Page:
While a 3D map of the Universe using the light from 14,000 quasars has been previously released to the public by the Sloan Digital Sky Survey, which is considered the largest map of the known Universe, another version has been recently unveiled which scientists claim to be the most complete map.
Called the 2MASS Redshift Survey (2MRS), astronomers unveiled the most complete 3-D map of the local universe (out to a distance of 380 million light-years) ever created at the 218th meeting of the American Astronomical Society. The 2MRS is the result of ten years worth of painstaking work, and is notable for extending closer to the Galactic plane than previous surveys – a region that’s generally obscured by dust.
More than 43,000 galaxies have been mapped.
“The 2MASS Redshift Survey is a wonderfully complete new look at the local universe – particularly near the Galactic plane,” said Karen Masters (University of Portsmouth, UK), who presented the map at the conference. “We’re also honoring the legacy of the late John Huchra, an astronomer at the Harvard-Smithsonian Center for Astrophysics, who was a guiding force behind this and earlier galaxy redshift surveys.”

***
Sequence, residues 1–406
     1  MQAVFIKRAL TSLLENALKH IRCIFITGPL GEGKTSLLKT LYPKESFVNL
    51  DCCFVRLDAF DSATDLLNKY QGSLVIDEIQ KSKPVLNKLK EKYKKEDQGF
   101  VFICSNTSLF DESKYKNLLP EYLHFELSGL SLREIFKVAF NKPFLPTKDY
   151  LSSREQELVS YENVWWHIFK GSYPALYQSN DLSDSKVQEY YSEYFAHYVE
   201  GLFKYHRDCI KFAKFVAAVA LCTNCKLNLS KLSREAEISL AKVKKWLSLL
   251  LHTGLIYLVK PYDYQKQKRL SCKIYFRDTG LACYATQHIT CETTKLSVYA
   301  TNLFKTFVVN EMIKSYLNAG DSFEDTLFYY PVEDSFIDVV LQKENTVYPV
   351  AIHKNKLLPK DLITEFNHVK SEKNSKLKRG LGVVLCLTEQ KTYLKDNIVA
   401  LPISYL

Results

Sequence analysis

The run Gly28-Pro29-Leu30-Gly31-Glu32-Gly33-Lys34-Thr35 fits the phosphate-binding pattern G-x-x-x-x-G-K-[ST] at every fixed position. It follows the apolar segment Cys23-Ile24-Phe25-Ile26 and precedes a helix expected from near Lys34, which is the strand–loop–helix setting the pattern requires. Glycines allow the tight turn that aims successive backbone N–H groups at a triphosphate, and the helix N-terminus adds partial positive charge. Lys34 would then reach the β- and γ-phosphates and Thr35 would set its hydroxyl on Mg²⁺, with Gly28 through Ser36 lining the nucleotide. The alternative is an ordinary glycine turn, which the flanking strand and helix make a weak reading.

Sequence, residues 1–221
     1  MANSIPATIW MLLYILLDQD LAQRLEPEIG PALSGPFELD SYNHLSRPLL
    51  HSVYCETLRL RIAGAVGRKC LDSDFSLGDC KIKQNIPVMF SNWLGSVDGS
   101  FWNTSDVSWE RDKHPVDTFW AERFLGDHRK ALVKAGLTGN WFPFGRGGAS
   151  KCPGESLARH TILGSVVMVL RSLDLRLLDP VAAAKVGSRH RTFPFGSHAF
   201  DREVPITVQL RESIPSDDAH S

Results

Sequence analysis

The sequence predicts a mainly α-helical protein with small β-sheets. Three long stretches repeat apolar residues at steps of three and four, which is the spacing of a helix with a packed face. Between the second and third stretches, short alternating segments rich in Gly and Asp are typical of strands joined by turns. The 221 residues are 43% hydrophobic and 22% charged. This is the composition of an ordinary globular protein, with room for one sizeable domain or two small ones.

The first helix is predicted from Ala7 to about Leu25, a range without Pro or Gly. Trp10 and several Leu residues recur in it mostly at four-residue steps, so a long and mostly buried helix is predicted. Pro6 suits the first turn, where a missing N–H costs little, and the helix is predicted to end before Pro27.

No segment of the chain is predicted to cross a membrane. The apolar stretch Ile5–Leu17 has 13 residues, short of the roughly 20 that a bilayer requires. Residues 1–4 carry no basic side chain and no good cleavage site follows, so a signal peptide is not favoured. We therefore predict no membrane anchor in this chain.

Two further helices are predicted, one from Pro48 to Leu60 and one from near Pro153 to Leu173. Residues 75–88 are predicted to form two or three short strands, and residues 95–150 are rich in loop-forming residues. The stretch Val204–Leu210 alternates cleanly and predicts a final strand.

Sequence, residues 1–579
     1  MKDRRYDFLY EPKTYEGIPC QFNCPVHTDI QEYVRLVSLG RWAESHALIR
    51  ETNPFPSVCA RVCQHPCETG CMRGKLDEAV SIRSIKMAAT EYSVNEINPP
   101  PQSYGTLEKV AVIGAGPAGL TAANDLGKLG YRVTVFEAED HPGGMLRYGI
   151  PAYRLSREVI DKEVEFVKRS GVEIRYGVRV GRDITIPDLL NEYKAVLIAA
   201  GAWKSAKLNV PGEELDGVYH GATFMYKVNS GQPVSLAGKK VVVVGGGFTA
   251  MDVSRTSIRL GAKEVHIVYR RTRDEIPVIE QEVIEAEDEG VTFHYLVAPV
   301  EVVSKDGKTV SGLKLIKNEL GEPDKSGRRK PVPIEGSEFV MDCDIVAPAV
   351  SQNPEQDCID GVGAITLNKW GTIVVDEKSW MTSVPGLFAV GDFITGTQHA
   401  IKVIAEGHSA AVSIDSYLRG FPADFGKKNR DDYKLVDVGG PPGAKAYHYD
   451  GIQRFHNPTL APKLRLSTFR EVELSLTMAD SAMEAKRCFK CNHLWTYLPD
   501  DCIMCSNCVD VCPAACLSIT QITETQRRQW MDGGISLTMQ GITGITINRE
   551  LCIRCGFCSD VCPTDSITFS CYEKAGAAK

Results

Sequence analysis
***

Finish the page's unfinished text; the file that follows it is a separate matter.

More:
The survey scanned the entire sky in three near-infrared wavelength bands, using data gathered by two telescopes in Arizona (Fred Lawrence Whipple Observatory) and Chile (Cerro Tololo Inter-American Observatory). Near-infrared light penetrates intervening dust better than visible light, allowing astronomers to see more of the sky. But without adding redshifts, the mapping is useless since the 2MASS makes only a 2-D image.
In order to create a 3 dimensional map, scientists had not only to know how each element relates spatially on a flat map, but how far away they are from Earth and each other, and this can be achieved by analyzing each galaxy’s redshift. The farther a galaxy is from Earth, the greater its redshift, since its light is stretched into longer wavelengths, and with this in mind the 2MRS was able to achieve that important third dimension.
It’s not only far, far away galaxies researchers are concerned with, but also with aspects closer to home. The motion of the Milky Way with respect to the rest of the universe has been a puzzle ever since astronomers were first able to measure it and found it couldn’t be explained by the gravitational attraction from any visible matter, but now the 2MRS has mapped in detail areas previously hidden behind our Milky Way.
Props to the Harvard-Smithsonian Center for Astrophysics for this amazing work.
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